Shady politicians and government workers, beware. Pepperdine University last week launched the Murray S. Craig Digital Democracy Lab to help spot improper conduct on the job. When someone submits a name, the lab uses artificial-intelligence apps from eNeuralNet and donated hardware from IBM to analyze records such as minutes, applications, and permits. The impartial system presents data it deems relevant ...

InformationWeek Staff, Contributor

December 8, 2001

1 Min Read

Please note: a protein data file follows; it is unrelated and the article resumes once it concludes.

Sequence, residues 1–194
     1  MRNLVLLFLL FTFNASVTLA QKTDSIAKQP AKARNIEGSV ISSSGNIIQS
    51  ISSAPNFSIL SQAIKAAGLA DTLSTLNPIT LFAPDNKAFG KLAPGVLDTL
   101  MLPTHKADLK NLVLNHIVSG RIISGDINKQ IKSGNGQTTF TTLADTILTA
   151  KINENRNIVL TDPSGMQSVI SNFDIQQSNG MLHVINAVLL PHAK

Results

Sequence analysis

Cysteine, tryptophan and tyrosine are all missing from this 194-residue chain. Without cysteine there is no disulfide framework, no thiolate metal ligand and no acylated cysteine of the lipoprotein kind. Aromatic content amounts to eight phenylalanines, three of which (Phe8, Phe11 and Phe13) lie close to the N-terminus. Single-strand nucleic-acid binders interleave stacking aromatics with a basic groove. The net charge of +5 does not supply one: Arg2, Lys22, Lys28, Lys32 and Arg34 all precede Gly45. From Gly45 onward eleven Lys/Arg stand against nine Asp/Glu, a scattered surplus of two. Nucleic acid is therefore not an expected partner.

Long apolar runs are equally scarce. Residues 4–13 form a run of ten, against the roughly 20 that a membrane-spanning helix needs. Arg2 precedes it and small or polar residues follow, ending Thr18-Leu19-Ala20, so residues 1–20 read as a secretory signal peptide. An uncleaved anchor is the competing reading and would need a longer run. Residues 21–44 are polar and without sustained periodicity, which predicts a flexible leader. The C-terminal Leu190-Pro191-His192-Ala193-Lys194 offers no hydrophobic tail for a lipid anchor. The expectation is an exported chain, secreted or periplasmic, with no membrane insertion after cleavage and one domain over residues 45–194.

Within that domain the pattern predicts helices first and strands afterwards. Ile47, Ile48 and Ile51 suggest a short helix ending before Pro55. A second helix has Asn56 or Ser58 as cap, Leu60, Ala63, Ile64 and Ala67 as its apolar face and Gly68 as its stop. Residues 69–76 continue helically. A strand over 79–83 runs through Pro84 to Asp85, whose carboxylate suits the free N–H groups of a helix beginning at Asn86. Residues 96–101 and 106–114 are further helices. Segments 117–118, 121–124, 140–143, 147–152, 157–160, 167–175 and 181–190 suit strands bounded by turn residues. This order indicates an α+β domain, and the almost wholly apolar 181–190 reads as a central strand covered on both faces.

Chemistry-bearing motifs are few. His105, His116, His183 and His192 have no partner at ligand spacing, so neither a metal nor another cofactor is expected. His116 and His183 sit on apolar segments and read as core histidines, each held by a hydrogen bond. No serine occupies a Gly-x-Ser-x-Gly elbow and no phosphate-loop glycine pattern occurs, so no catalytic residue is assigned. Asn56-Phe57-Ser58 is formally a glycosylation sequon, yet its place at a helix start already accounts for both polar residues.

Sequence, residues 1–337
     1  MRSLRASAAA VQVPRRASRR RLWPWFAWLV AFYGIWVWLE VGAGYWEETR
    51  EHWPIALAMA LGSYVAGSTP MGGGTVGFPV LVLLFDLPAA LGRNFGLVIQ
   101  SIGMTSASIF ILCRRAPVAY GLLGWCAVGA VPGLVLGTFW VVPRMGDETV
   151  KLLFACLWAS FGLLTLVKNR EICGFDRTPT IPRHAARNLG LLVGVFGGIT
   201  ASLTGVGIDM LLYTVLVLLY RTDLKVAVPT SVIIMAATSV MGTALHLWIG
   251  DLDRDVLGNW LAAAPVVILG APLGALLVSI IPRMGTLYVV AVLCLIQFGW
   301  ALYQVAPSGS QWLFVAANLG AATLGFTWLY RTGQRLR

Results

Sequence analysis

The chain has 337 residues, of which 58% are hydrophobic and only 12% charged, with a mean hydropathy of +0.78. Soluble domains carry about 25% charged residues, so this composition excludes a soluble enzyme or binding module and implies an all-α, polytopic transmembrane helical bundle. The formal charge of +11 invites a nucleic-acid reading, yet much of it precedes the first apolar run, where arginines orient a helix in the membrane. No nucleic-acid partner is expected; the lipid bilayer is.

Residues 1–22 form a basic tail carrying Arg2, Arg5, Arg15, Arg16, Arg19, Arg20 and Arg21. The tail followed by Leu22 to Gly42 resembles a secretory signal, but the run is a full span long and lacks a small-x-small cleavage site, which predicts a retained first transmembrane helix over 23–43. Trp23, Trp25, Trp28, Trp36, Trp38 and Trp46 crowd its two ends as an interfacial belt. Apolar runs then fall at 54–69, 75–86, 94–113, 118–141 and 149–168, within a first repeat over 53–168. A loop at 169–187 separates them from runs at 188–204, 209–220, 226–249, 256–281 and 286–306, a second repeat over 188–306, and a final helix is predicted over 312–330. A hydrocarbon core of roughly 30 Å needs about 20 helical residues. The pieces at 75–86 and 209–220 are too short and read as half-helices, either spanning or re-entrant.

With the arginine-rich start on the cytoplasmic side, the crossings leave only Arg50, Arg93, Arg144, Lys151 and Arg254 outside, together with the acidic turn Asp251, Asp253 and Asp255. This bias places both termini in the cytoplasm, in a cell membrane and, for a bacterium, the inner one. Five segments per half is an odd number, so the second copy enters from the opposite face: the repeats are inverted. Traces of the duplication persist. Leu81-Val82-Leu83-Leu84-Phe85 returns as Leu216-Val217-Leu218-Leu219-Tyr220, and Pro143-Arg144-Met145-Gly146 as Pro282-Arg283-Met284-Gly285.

Shady politicians and government workers, beware. Pepperdine University last week launched the Murray S. Craig Digital Democracy Lab to help spot improper conduct on the job. When someone submits a name, the lab uses artificial-intelligence apps from eNeuralNet and donated hardware from IBM to analyze records such as minutes, applications, and permits. The impartial system presents data it deems relevant in an easy-to-read format so users can spot trends, though it draws no conclusions, eNeuralNet CEO Thomas Kemp Jr. says. "It's absolutely usable to find corruption in government, or at least improper activities that warrant further investigation."

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